If, as a society, we want to become healthier – as opposed to simply continuing to spend money on "health" products and wasting time in a constant cycle of weight loss, weight gain, frustration and self-sabotage – we need to rethink how we frame health and weight.
For the most part we use aggressive language to talk about health and weight: "Fighting the battle of the bulge" becomes about going to "war" with one's body. The problem is, this type of discourse does not set anyone up for long-term success. If you launch a full-on assault on your body, it will inevitably fight back.
The language of war simply reinforces the unhealthy assumption that weight loss has to be aggressive to be effective, and that losing weight or adopting a healthier lifestyle, like a battle, has an eventual end date.
The experiences of The Biggest Loser contestants are a perfect – albeit extreme – example of this problematic war-and-weight discourse. Gina Kolata outlined in her New York Times article how virtually all of The Biggest Loser contestants regain any weight lost after the completion of the show. Kolata uses research on genetics and hormones to explain how the contestant's bodies "fight back for years" in order to return to their preshow weight.
Of course the contestants' metabolism and hormonal profile reacted negatively – the show's workout and diet regime is extreme. Their bodies appropriately rebelled.
Biggest Loser contestants are expected to suffer through seven plus hours of exercise on a low-calorie diet. Exercise stresses the body; it is only a positive stress in appropriate doses – and only then when you give your body the tools (such as food and rest) it needs to recover. Most athletes don't even train seven hours a day. When they do, they mitigate the damages of intense training by periodizing their workouts (cycling through different types of training), getting regular massage and consuming an incredibly nutritionally dense diet.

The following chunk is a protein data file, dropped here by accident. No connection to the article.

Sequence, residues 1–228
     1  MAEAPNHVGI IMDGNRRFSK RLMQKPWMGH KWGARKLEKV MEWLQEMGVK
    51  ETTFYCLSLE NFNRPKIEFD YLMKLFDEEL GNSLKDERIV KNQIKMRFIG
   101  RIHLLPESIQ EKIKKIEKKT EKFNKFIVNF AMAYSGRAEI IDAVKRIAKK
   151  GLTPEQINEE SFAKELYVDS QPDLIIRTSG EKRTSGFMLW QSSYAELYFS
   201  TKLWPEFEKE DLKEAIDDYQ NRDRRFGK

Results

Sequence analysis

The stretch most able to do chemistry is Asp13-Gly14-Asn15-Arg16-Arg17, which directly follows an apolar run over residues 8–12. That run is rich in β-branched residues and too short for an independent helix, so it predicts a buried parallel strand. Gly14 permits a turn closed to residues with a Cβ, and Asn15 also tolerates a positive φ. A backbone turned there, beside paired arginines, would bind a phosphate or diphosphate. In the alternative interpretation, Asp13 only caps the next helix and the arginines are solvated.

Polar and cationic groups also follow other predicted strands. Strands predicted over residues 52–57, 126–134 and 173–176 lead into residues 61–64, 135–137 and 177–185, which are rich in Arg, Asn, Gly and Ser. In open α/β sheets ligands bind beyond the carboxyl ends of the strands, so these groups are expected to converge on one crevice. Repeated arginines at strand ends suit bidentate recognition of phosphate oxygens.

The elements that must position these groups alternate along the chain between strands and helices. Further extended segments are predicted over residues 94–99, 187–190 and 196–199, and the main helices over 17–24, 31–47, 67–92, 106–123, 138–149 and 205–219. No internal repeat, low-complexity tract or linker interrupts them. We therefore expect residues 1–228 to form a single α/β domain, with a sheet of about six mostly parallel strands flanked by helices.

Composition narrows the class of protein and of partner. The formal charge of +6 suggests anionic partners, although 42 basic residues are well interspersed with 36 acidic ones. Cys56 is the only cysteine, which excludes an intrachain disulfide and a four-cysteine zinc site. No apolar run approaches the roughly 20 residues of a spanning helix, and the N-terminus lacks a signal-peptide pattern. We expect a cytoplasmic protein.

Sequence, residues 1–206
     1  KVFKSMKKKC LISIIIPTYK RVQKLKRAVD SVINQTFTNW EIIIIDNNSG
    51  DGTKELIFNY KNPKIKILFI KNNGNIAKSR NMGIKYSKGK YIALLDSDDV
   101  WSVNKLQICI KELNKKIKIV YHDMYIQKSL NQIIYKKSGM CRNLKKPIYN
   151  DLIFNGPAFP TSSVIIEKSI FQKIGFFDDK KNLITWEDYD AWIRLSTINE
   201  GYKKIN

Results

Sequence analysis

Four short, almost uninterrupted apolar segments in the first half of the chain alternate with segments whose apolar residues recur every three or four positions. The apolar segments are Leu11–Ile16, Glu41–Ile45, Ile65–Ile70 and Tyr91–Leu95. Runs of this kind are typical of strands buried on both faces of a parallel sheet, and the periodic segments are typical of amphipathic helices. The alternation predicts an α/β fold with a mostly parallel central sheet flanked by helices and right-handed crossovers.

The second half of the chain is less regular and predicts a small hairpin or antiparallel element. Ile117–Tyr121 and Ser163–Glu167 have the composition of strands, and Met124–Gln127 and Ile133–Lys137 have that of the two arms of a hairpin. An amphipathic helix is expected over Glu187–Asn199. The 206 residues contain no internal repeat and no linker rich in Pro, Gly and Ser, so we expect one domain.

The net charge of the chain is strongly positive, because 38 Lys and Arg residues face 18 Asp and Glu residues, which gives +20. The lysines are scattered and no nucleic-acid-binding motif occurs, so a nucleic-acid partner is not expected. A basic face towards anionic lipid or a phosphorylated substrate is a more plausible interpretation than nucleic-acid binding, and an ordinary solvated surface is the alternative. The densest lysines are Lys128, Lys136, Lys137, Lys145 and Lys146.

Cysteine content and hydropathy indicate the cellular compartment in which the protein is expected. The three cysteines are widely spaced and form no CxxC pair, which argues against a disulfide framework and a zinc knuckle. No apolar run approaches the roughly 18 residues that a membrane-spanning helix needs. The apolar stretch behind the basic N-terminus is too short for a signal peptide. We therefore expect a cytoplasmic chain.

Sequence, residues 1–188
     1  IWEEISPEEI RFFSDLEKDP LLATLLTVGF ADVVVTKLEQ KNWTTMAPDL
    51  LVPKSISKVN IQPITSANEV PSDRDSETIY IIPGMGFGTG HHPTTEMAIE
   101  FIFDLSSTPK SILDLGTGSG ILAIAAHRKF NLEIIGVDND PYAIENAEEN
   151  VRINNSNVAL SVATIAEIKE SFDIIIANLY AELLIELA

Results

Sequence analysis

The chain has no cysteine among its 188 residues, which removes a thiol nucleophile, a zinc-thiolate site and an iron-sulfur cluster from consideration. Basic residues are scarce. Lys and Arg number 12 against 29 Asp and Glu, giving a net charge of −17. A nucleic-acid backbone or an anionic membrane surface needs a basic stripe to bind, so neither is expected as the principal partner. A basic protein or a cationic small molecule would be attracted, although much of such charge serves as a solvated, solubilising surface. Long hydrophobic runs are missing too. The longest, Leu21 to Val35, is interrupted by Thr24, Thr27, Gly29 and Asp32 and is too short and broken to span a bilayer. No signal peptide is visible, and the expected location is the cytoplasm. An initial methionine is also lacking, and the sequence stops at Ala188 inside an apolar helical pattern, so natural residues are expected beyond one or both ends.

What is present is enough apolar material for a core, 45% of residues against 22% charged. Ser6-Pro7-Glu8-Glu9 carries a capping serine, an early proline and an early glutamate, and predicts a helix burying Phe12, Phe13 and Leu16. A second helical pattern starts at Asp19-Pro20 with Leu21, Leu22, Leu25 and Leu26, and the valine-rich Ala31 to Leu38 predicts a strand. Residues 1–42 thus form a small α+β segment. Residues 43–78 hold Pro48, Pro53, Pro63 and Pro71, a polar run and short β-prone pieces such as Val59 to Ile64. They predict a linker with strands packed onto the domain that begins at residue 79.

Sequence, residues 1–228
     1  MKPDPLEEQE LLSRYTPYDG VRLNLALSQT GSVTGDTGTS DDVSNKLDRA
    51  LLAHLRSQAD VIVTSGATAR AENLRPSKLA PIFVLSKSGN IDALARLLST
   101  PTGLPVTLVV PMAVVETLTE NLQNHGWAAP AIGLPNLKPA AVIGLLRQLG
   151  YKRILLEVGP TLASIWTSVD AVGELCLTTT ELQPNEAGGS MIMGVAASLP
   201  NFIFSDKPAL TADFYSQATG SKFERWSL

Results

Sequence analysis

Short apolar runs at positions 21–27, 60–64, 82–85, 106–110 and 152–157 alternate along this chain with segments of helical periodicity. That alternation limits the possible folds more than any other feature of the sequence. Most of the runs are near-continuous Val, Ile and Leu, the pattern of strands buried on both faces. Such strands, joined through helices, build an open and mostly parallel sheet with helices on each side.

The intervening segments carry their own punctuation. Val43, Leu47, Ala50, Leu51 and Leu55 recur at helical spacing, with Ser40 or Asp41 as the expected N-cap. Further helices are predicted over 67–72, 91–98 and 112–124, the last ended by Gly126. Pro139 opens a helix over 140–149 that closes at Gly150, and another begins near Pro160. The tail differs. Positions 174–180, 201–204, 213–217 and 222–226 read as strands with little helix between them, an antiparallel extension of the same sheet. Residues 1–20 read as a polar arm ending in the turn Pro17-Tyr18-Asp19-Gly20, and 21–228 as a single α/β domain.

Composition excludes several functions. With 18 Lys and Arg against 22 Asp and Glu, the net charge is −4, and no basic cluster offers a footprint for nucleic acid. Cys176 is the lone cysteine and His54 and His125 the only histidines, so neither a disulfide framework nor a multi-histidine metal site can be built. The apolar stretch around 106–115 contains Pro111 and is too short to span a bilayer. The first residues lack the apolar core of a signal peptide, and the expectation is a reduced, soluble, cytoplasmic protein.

When you buy into this battle-the-bulge-at-all-costs mentality perpetuated by shows like The Biggest Loser, you risk actually missing the huge health benefits of exercising and eating well. Building muscle produces a cascade of positive health effects; muscle helps you preserve the health of your cardiopulmonary system (heart, lungs, and circulatory mechanisms), positively affects your metabolism, helps to sustain the mineral density of your bones, aids in retaining a healthy blood glucose tolerance, improves functional fitness and athleticism, increases energy and improves mood and sleep quality.
Weight loss and health are not synonymous. Everyone should prioritize movement, but not everyone needs to lose weight to become healthier. Sure, for many, losing weight is a large part of what they need to do to improve their health, but some individuals need to gain weight, while others have already lost weight and to lose more would be unhealthy.
If you need to lose weight for your health, aim to lose weight. But don't let the process turn into a full-on assault against yourself.
Ditch the war metaphors. Stop simply aiming to win the "weight loss battle." How much you weigh and your relationship with your body is a complicated product of your emotions, your family history, injuries past and present, how much you sleep, your hormonal profile, your diet, your genetics and your past and present exercise regimens. Make peace with your body. Gradually adjust your lifestyle as well as your expectations. Your unhealthy health habits were not formed in a day. It will take time to negotiate and foster new habits and build healthier preferences. Health is a long-term process. Persevere.
Kathleen Trotter has been a fitness writer, personal trainer and Pilates equipment specialist for more than 12 years. Follow her on Facebook or Twitter @KTrotterFitness.